IRSST - Institut de recherche Robert-Sauvé en santé et en sécurité du travail

Biomechanical and ergonomic impacts of handling on obese workers


Obesity is an emerging problem that seems to be involved in occupational health and safety issues. The prevalence of musculoskeletal injuries in obese individuals and indirect (non-medical) costs are higher than for workers having a healthy weight. A sustained increase in the obesity rate of workers is being seen in Canada, so it is important to be interested in the obesity-work issue. Today the risk of back injuries during work activities remains very high, and the profession producing the most disorders is still that of material handler. There is very little evidence on the impact of obesity on the way handling tasks are performed. The objective of this study is to analyze the work strategies of obese material handlers and compare them to those of material handlers having a healthy weight.

The biomechanical and ergonomic impacts of 17 obese handlers and 20 handlers of healthy weight were evaluated in the laboratory. The studied tasks involved transferring boxes from a conveyor to a hand truck and vice versa. The weight of the load, the pick-up and deposit height, and the configuration of the work area were modified to examine the participants’ methods. Several biomechanical measurements were taken, notably including the moments of force on the back, posture and box movement to assess the safety and efficiency of the observed handling methods.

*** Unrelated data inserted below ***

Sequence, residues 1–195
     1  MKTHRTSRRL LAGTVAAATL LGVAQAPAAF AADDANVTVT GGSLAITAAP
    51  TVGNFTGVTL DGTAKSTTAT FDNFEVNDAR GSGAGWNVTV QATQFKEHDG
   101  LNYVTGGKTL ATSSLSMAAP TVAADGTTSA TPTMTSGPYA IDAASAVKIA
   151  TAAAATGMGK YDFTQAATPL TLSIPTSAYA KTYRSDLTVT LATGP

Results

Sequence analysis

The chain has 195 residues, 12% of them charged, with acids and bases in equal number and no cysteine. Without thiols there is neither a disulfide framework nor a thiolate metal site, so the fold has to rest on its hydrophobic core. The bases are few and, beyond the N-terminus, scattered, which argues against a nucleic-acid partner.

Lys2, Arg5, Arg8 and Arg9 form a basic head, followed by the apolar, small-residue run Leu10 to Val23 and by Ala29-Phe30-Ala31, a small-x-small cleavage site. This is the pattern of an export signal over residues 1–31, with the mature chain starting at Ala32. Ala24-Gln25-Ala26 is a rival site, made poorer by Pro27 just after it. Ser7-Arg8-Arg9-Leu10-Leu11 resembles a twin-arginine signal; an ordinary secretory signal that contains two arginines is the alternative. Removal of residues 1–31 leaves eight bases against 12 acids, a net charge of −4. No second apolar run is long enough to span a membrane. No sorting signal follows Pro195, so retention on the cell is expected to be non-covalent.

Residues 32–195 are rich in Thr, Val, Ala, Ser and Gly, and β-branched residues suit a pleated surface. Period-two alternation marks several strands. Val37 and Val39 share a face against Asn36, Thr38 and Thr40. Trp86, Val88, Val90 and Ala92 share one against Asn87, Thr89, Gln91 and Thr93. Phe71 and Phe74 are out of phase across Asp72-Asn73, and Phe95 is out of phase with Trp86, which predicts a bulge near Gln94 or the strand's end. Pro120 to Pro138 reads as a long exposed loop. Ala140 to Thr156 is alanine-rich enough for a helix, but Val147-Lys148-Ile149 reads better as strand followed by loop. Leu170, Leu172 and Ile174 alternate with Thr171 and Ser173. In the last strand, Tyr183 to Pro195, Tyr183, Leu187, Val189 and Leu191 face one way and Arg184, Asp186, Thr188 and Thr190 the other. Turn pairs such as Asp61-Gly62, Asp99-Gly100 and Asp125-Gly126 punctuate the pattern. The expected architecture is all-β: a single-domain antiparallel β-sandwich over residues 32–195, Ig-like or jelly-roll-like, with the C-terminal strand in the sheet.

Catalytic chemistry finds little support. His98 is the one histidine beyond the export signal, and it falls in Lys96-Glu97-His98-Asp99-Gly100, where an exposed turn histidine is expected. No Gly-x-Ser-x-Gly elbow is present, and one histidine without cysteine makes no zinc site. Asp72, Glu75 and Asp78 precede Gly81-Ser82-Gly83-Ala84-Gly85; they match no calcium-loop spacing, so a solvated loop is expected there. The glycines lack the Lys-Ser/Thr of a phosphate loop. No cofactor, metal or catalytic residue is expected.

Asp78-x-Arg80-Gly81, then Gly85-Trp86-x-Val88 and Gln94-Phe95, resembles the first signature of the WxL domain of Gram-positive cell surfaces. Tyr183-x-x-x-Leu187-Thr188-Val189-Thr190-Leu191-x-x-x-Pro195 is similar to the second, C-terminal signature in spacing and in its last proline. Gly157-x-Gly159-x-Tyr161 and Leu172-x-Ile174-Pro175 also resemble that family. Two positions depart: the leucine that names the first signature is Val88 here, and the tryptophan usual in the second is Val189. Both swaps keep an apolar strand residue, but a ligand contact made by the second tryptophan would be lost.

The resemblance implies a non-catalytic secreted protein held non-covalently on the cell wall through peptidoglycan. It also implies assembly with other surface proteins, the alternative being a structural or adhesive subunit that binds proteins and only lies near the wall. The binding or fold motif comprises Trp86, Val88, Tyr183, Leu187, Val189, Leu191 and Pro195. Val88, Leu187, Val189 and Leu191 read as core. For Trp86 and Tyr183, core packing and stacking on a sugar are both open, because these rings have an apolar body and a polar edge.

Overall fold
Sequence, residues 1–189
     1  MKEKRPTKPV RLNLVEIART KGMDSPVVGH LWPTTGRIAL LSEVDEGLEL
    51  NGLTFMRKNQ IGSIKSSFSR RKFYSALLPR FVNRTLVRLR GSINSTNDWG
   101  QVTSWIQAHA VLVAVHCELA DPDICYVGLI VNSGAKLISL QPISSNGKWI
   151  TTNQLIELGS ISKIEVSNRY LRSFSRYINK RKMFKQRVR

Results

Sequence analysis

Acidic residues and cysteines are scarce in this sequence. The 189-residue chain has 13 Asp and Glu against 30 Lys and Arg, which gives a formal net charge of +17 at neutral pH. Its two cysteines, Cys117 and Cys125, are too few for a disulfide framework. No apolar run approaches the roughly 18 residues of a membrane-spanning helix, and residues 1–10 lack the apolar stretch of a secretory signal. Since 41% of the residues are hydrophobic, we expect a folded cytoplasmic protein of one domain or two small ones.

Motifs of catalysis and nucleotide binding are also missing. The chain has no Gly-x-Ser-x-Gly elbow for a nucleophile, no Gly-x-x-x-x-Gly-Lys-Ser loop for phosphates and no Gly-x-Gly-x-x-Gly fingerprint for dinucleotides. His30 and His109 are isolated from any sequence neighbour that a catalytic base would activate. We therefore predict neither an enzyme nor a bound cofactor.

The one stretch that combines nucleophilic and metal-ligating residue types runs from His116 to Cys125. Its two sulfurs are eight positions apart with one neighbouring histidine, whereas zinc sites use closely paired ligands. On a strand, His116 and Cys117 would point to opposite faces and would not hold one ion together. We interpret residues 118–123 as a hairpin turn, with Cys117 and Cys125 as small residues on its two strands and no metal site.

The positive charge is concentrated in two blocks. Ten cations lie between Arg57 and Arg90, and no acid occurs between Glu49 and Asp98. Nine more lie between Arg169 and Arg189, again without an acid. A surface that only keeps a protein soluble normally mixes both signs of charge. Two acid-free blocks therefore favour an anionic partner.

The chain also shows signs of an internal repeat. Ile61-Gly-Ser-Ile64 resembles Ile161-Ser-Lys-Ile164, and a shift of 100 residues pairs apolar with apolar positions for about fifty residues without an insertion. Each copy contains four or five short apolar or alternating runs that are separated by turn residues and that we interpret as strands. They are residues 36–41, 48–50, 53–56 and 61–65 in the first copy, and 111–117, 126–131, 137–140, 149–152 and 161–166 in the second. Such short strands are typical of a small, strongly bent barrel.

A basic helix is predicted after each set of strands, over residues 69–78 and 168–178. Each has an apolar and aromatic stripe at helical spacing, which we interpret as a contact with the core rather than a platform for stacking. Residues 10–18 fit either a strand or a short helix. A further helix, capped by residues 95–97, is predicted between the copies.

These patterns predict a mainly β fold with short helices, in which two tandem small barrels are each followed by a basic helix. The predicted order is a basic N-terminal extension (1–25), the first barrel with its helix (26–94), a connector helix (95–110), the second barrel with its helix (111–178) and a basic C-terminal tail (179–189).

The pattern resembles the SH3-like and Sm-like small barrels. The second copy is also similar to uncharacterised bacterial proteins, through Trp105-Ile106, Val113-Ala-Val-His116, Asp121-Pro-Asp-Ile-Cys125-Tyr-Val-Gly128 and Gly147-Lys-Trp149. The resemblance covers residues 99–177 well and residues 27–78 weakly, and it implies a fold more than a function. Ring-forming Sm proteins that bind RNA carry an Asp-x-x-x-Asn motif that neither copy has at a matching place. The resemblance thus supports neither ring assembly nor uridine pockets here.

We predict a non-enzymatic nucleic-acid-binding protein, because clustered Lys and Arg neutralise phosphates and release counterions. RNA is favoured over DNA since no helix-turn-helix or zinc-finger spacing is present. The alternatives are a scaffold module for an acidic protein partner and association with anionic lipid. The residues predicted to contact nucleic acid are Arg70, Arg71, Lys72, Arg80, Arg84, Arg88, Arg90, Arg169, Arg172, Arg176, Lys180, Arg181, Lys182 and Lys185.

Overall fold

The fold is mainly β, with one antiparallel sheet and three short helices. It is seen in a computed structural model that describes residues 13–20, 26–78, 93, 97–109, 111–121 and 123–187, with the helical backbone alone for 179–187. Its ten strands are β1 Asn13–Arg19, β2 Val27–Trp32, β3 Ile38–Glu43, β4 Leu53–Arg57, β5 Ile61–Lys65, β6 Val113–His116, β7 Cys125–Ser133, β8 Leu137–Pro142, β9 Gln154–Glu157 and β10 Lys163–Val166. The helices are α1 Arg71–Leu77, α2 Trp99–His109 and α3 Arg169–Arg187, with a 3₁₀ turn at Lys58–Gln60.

The results clearly show that the anthropometric factors of obese material handlers result in clearly greater (>23%) maximum lumbar loading during the lifting and deposit of boxes on a hand truck or conveyor. Few differences were observed in postural attitudes due to a very present inter-individual variability within the two groups of participants. The handlers’ weight explained 57% of the variation in the transverse maximum moment of force on the back when raising a box from the ground.

These results suggest that a worker’s obesity leads unavoidably to a significant additive effect on the musculoskeletal structures of the back. This biomechanical impact exposes obese material handlers to a greater risk of developing a musculoskeletal disorder during load handling.

Additional Information

Category: Research Report
  • Philippe Corbeil
  • André Plamondon
  • Normand Teasdale
  • Grant Handrigan
  • Jasmin Ten Have
  • Nancy Manzerolle
Research Project: 2010-0003
Online since: June 05, 2013
Format: Text